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Players always have to be on their game

The off-season is great to get away from the heart of football, but physically and mentally, the game never truly goes away.

It was in Cancun, Mexico, in late October when I found myself on a treadmill working off the few too many Coronas which had been consumed over the previous few days and weeks.

Later, when holidaying in New York, I also found myself in a gym doing weights and cardio, not just because I felt I had to, but also because I genuinely feel guilty for not doing any physical exercise.

Playing AFL is so hard already, so why make it any harder? Whether it’s in Geelong or on a holiday, being fit and healthy is always on your mind.

This is why I consider pre-season to be the part of the year that is most important.

The two or three months of extreme hard work can distinguish greatness, which is ultimately everyone’s goal.

In saying that, a lot of footballers dread this time of year. The constant exhausted feeling, the mental battle against yourself and the feeling of spewing are just part of being a footballer over summer.

What helps drive us as players is that we are all naturally competitive against each other.

It can get quite fierce at times, whether it be a fun game of table tennis or shooting hoops in the warm up area, to being out on the track. You definitely see the beast and not the beauty.

It’s a challenging few months, but it can bring out the best in people. As I see it, you can go two ways about it: take the challenge on or just float through.

Pre-season to me is about pushing the boundaries. I love the idea of improving and, if that’s for me to challenge myself mentally and physically, then I will do it to get the best result for myself and the team.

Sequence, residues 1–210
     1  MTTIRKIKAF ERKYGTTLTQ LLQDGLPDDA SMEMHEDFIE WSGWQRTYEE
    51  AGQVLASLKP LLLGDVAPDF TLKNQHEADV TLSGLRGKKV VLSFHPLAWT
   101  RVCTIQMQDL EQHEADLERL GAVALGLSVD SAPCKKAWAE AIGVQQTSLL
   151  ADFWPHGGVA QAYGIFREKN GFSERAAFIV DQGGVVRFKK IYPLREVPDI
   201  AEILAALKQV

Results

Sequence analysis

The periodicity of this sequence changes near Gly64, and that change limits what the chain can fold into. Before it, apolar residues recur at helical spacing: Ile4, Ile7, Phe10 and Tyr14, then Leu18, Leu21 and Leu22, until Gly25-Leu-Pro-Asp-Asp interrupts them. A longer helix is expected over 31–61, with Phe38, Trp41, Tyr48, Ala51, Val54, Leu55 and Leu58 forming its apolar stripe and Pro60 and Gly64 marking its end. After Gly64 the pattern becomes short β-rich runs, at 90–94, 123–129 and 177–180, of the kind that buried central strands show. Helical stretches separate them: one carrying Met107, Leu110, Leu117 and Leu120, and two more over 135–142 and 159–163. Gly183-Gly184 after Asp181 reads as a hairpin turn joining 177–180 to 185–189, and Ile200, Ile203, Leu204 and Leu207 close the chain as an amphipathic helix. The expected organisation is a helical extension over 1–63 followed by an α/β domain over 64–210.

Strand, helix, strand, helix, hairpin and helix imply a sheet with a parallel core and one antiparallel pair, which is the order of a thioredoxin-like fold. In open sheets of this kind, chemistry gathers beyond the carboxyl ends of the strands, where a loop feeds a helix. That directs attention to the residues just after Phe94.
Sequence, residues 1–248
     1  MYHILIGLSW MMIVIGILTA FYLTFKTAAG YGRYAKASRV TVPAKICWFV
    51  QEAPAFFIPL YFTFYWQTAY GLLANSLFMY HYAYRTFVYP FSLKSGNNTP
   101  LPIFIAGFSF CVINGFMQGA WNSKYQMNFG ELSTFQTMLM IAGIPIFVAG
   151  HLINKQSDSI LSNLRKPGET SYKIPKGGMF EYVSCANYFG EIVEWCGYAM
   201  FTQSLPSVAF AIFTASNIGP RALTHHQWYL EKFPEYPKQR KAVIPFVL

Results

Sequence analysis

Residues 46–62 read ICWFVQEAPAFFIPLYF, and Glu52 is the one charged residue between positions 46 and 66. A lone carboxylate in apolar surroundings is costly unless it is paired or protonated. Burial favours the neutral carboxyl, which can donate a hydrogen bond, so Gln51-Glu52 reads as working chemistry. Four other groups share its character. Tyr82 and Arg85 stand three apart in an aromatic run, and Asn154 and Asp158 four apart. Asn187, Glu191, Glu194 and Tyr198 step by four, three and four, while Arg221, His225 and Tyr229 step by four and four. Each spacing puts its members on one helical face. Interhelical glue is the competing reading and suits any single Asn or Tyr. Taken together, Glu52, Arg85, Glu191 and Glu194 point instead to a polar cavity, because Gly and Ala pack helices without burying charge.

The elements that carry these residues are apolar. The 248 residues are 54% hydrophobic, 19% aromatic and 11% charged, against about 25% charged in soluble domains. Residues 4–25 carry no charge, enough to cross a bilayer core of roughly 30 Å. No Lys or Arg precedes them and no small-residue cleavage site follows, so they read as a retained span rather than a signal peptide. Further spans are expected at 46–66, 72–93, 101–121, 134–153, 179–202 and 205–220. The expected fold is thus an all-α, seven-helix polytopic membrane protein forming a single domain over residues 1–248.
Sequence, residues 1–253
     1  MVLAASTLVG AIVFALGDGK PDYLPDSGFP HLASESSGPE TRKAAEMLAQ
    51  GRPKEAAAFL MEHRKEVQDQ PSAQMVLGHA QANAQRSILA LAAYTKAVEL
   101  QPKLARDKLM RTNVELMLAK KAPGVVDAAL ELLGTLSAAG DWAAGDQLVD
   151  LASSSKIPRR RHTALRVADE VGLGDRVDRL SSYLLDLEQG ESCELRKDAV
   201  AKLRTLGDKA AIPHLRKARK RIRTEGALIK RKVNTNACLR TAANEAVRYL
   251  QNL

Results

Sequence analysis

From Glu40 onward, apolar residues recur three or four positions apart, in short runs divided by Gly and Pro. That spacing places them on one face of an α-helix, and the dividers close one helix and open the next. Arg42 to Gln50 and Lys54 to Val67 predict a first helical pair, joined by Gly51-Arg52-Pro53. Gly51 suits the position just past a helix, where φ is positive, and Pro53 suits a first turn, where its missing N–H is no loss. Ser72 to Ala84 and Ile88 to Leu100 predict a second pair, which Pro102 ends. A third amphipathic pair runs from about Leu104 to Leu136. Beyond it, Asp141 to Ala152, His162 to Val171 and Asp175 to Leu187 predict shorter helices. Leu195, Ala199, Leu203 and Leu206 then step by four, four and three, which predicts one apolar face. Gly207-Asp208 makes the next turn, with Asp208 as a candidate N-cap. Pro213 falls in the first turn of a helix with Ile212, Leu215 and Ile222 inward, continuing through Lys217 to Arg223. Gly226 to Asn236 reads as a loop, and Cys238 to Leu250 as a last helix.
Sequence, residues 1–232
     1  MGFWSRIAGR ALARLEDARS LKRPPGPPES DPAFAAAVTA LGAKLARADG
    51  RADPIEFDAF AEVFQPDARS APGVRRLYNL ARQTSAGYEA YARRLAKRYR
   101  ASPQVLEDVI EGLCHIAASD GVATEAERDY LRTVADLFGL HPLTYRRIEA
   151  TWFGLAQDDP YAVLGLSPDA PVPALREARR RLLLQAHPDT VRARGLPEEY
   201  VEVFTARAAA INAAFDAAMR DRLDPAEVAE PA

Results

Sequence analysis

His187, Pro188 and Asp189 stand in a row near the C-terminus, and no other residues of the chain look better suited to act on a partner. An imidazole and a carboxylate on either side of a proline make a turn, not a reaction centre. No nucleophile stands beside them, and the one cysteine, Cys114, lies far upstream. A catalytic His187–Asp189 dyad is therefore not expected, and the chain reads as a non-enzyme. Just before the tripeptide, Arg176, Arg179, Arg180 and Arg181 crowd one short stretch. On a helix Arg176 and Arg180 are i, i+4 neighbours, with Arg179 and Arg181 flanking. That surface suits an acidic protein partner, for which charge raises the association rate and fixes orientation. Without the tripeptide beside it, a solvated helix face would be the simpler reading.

Trying to will myself to better my 2km time trial time every time, trying to beat Joel Selwood in a one-on-one contest, or even beating Stevie J in kicking snap goals. That competitive drive is how you improve.

But it’s not always the physical exercise that is the hardest. Skinfold measurements are my worst nightmare.

Who doesn’t like not eating chocolate, ice cream, drinking endless amount of soft drink?

Personally, I still have to work as hard on being disciplined in what I eat and drink as I do with my football. You want to do every little thing possible to gain and an advantage on your competitors.

The memory of falling one kick short of a grand final berth is still vivid. That feeling of knowing that everything you have worked for all year is suddenly over.

The madness over the next month or so of footy break ups, wacky Wednesday, the best and fairest and the footy trip helps you move on, but we have all returned ready to go to work.

The NAB Challenge is the final part of pre-season, where we have experimented new game plans, new faces and got a glimpse of who is going to take the next step.

Each club gets game time into their players, all in readiness for round one.

All the gruelling weight sessions, the constant grind of training, even those little personal gym sessions in Mexico, have led us to this moment.

We have the Crows at Simonds Stadium on Thursday night. Once we cross that white line, let’s be honest, there’s no holding back.

This article originally appeared in the Geelong Advertiser. To view the original article click here